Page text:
allowing the field to be inferred accurately. The GRACE satellites (images from NASA web site).
GRACE maps the whole Earth field, hence the geoid, every 30 days and has been
operating since 2002. Each orbit improves the accuracy of the map (see below). The ESA’s GOCE satellite was launched in 2009 into a low orbit (260km, needs ion
propulsion drive to compensate for drag). It uses 6 pairs of sensitive accelerometers
configured as a “gradiometer” to directly measure gravitational changes to 1 part in 1013. This translates to measuring ~100 km wide gravity anomalies to an accuracy of
1 mgal and similar sized geoid height anomalies to 2 cm.
Example Free-air and Bouguer slab corrections
Measuring at sea
There is no free-air correction in the case below: measurements are at sea level. At
sea, we know there is a slab of relatively low density water between the measuring
point (a ship) and the unknown density structures (beneath the sea bed / land) in
which we are interested. Gravity is a little bit weaker than expected and so the
Bouguer correction adds on some gravity to the measured value according to g B 2 Gd rock water Land Measuring at sea rock water d unknown Measuring on a plateau
The free-air correction adds to measured gravity (measured is lower than at sea level
due to increased height). However, there is a slab of rock of known density between
us and sea level not accounted for by the free air correction which increases gravity,
so the Bouguer correction is negative. The density of air is negligible. g B 2 Gd rock g F h d 0.31 mgal m1 Measuring on plateau
Land height h
above sea level rock d unknown
Note – in the exam, it’s easy to make a ‘mistake’ with the sign of a gravity correction:
as long as you explain qualitatively what to expect and how you have corrected you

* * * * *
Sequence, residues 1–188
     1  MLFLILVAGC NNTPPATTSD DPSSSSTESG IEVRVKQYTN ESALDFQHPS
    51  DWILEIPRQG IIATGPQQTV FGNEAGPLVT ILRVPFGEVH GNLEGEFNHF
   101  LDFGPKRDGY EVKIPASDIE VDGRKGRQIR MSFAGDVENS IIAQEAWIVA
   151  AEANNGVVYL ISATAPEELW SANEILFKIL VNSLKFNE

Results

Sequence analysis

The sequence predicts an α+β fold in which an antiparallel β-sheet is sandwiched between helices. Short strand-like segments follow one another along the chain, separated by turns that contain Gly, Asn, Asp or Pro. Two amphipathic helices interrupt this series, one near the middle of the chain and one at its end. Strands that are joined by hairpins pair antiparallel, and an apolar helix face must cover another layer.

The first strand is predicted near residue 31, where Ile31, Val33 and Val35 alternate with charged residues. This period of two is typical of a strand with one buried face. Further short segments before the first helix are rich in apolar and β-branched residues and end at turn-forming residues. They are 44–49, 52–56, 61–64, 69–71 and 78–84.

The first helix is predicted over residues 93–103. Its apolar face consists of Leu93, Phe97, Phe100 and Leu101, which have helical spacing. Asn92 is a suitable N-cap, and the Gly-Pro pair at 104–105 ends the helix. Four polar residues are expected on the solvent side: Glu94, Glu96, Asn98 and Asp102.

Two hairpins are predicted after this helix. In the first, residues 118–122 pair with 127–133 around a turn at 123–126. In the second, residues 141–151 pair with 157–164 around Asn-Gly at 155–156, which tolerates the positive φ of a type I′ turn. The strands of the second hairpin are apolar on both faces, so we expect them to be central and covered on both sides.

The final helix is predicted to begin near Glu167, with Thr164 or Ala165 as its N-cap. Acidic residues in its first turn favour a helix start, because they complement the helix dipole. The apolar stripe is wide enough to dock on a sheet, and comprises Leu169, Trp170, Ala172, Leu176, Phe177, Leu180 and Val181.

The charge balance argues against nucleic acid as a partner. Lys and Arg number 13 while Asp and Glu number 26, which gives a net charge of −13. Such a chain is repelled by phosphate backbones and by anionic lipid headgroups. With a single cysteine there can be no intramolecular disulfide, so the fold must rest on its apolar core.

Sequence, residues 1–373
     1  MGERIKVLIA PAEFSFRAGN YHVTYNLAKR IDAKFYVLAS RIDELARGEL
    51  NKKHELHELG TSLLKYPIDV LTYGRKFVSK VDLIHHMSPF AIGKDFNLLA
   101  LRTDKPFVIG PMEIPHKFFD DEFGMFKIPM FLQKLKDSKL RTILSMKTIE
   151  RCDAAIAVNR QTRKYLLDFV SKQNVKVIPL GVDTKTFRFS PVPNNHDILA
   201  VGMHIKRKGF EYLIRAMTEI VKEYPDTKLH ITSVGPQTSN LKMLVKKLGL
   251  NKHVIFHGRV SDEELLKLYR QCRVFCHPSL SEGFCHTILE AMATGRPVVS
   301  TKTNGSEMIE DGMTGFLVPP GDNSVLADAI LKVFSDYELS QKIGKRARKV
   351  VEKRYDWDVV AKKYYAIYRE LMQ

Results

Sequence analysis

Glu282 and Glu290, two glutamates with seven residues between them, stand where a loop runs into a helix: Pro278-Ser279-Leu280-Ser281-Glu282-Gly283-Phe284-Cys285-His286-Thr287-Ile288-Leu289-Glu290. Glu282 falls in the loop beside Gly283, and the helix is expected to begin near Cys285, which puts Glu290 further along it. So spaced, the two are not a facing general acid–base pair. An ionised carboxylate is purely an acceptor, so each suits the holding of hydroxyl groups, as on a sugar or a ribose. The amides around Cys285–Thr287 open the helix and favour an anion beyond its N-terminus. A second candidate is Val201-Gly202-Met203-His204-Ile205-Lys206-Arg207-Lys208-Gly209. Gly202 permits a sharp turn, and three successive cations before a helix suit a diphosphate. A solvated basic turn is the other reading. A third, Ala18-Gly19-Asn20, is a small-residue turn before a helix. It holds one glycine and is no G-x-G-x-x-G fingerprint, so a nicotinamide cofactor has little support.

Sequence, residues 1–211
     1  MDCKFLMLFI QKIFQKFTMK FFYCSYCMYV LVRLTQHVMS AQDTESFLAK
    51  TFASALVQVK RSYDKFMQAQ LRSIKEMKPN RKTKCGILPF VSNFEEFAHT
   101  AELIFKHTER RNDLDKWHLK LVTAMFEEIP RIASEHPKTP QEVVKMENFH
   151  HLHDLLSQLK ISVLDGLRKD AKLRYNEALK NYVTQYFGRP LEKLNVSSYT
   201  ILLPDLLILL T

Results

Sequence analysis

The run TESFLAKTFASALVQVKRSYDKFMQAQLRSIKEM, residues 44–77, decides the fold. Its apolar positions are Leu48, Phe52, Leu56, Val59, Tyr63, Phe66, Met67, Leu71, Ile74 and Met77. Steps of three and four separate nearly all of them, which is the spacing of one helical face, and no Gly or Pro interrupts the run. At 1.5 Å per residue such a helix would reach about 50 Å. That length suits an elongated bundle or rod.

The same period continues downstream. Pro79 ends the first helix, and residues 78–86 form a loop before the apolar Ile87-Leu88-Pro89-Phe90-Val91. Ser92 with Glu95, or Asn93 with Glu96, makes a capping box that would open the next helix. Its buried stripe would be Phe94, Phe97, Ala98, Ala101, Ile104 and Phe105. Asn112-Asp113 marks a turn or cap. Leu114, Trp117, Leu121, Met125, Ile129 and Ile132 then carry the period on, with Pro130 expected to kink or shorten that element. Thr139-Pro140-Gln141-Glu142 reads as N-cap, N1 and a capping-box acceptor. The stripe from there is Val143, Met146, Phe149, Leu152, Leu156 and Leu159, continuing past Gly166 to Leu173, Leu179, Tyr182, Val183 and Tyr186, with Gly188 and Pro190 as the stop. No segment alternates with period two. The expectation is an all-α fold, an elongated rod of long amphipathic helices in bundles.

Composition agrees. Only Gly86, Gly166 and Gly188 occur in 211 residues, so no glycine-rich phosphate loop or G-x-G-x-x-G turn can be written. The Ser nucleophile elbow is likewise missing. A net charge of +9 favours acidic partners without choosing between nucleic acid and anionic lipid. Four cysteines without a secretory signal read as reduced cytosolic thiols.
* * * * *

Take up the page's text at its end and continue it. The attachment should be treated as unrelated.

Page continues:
will get the credit. Note – the approximation of an infinite slab clearly doesn’t work so well where there
is rapid lateral change of density, e.g. edge of plateau, cliffs, steep mountains, etc. The
terrain correction, computed from a model structure, accounts for these effects.
Exercise – Bouguer and free-air anomalies for “plateau” density models
Density Model A P 1 h sub P Density Model B h sub 2 r Assume the plateau is 500km across and h = 2km, r = 1.33km. Let sub = 3.0×103kgm3
, 1 = 2.75×103kgm-3 and 2 = 2.85×103kgm-3. Why can we ignore terrain corrections at P? Calculate the free-air and Bouguer corrections at point P for each model and
give their sign (do we add or subtract gravity from the measurement?). Further study
Question 7 on a simple geopotential and derivation of its surface field.
Questions 8 and 9 on accuracy and looking up time dependence in gravity surveys.
You might like to work out the derivation of gravity due to an infinite slab (in the
exam this formula would be given – you don’t need to memorize it).
Make sure you have a general idea how gravity measurements are made (gravimeters
Make sure you understand how to use the free-air and Bouguer slab corrections
(especially what value of or to use). We only consider simple slab-like
geometries in this course. ...
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- Spring '11